Sincerely,
 
Jennifer L. Howse, PhD
President

FDA approval of 17P

Friday, February 4th, 2011

17p-injectionThe first-ever drug known to prevent some preterm births won market approval today from the Food and Drug Administration.

“For the first time, we have an FDA-approved treatment to offer women who have delivered a baby too soon, giving them hope that their next child will have a better chance at a healthy start in life,” said Alan Fleischman, MD, senior vice president and medical director of the March of Dimes. “Women who already have had a baby born prematurely should check with their health care provider to see if this treatment is appropriate for them. This treatment is not for everyone.”
 
The FDA approved hydroxyprogesterone caproate injection, commonly known as 17P, which is a synthetic form of a hormone produced during pregnancy. It will be marketed under the brand name Makena™ and given in weekly injections to pregnant women between 16 and 20 weeks gestation and continuing until 37 weeks gestation. The drug is approved for use by women pregnant with one baby and who already have a baby who was born before 37 weeks of pregnancy either because labor began on its own, without drugs or other methods, or because the membranes surrounding the baby ruptured too early.

Prior to today’s approval of Makena™, health care providers ordered prescriptions of 17P from compounding pharmacies; however, many eligible patients faced logistical and financial barriers to access. FDA approval means the drug now will be widely available only in specialty pharmacies and that there will be improved access of the drug through healthcare coverage.

A published study by the March of Dimes, the National Institutes for Health, and the Centers for Disease Control and Prevention, using data from 2002, estimated that if all women eligible for the progesterone injections received them, nearly 10,000 spontaneous premature births might be prevented each year.

What is cervical insufficiency?

Monday, August 16th, 2010

Cervical insufficiency (sometimes called incompetent cervix) refers to a cervix that opens too early during pregnancy, usually without pain and contractions. This most often occurs in the second or early third trimester of pregnancy, resulting in late miscarriage or premature birth. A woman may be diagnosed with cervical insufficiency based largely on this history. There is no specific diagnostic test.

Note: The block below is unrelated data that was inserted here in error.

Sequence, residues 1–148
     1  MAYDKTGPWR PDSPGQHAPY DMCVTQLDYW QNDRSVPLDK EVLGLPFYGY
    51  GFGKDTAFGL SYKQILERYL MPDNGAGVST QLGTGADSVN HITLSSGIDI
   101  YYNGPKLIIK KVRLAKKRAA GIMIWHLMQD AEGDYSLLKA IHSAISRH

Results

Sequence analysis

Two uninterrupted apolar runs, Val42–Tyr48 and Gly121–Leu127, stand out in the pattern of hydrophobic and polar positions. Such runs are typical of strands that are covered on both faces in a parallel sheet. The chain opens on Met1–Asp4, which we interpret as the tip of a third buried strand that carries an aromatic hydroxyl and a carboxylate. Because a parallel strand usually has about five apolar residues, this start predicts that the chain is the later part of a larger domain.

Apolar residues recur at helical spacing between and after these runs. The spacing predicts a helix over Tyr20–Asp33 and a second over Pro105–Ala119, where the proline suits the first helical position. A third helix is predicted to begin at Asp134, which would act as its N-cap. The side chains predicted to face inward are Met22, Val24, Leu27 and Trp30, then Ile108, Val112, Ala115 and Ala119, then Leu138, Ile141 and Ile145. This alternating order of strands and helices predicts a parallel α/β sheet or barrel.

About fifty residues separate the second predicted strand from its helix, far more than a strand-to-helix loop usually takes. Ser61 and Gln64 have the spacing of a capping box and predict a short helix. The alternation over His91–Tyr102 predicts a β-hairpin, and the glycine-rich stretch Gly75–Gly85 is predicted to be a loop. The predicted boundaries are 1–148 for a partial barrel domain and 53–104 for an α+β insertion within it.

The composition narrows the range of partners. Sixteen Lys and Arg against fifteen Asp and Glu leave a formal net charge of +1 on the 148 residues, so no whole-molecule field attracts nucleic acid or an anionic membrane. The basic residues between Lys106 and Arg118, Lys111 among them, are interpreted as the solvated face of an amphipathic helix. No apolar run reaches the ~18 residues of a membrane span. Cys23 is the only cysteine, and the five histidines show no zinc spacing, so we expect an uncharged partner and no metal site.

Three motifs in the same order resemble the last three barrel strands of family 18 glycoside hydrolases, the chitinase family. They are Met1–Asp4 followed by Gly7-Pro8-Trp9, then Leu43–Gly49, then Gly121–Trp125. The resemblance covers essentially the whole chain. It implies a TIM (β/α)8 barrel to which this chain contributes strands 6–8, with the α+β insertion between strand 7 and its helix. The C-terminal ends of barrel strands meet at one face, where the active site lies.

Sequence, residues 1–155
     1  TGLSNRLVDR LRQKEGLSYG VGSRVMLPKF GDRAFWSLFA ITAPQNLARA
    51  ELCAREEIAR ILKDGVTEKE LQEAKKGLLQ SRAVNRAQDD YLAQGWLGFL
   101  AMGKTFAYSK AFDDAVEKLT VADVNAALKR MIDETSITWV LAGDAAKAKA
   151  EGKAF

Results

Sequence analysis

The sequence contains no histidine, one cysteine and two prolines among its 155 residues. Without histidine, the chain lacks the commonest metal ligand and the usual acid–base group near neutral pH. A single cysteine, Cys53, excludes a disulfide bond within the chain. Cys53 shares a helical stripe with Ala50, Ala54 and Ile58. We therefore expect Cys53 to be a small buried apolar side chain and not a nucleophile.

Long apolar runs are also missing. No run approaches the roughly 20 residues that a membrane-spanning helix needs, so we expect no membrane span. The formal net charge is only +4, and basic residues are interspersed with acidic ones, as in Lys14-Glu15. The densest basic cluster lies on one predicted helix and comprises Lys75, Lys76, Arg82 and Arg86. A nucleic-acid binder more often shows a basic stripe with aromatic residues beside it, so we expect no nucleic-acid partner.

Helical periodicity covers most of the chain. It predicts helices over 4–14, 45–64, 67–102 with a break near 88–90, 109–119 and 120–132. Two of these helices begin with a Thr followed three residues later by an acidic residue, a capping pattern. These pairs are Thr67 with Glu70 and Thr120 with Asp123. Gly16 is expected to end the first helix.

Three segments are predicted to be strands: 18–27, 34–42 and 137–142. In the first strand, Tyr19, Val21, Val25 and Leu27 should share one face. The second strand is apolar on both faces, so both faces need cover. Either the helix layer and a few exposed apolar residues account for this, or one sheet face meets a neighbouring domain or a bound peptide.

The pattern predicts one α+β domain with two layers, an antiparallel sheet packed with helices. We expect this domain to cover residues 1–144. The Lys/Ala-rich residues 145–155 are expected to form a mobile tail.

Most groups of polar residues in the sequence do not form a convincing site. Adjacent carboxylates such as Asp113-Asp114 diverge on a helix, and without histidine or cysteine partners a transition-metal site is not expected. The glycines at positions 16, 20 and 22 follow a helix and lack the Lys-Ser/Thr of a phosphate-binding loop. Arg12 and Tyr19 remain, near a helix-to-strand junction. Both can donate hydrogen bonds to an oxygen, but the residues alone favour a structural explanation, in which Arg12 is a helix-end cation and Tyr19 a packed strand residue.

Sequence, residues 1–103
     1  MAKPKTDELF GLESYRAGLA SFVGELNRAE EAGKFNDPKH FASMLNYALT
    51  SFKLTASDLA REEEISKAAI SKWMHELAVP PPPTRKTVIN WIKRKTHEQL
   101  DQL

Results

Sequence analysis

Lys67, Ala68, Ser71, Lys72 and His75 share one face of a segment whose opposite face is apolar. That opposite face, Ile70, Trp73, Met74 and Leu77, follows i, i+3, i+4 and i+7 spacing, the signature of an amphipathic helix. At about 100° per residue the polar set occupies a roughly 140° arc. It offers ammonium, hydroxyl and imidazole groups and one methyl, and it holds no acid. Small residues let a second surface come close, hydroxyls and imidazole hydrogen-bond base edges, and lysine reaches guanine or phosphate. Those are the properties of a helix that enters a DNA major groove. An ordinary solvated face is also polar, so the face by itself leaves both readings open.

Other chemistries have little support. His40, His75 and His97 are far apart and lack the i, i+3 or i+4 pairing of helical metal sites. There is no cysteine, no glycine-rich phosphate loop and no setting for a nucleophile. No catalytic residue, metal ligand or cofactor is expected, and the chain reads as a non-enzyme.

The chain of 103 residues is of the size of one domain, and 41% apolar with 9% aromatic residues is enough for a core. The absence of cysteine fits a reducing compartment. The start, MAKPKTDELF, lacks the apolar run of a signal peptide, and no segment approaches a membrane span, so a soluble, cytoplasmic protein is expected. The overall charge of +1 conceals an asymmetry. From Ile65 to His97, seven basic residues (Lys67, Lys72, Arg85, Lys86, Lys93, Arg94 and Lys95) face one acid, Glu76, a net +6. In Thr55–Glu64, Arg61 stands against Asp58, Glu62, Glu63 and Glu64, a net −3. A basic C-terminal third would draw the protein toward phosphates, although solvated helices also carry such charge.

Medical experts don’t always know why cervical insufficiency occurs. Factors that may contribute include:
• Uterine defects: Women with certain uterine defects, such as bicornuate uterus (two cavities), are more likely to have cervical insufficiency than women without these defects.
• History of surgical procedures involving the cervix: These include LEEP (loop electrosurgical excision procedure), which is used to diagnose and treat abnormal cells found during a Pap test.
• Injuries during a previous birth.
• Short cervix: The shorter the cervix, the more likely the woman is to have cervical insufficiency. In some cases, a short cervix can be congenital.

Miscarriage and premature birth due to cervical insufficiency frequently happen again in another pregnancy. These problems can sometimes be prevented with a procedure called cerclage, in which the provider places a stitch in the cervix to keep it from opening too early. The provider removes the stitch when the woman is ready to give birth.

It is not always clear which women will benefit from cerclage. This is because there is no specific test for cervical insufficiency, and many women who have had a late miscarriage or early premature birth go on to have normal pregnancies without treatment. Some studies suggest that cerclage is most likely to be beneficial in women who have had three or more late miscarriages or premature births. In some cases, providers may monitor a woman suspected of having cervical insufficiency with repeated vaginal ultrasounds to see if her cervix is shortening or showing other signs that she may give birth soon. The provider may recommend cerclage if these changes occur.

Some women learn that they have a short cervix during a routine ultrasound. Most of these women do not end up having a premature birth. However, short cervix, especially a very short cervix (less than 15 millimeters), does increase her risk of premature birth. Studies suggest that treatment with the hormone progesterone (17P) may help reduce the risk of premature birth in women with a very short cervix. According to the American College of Obstetricians and Gynecologists (ACOG), progesterone treatment may be considered for these women. However, ACOG does not recommend routine cervical-length screening for low-risk women.

Thinking about pregnancy after premature birth?

Thursday, January 15th, 2009

Here are some questions that women who have had a premature baby often ask.

  • I’ve already had a premature birth. What can I do to help get my full nine months of pregnancy?
  • Why was my baby born too early?
  • Do I need to go to a special doctor for care?
  • Why are some women more likely than other women to have a premature baby?
  • What can I do about my risk factors?

Key Things to Remember

Click here to watch the video, Take Action: Learn the Signs of Preterm Labor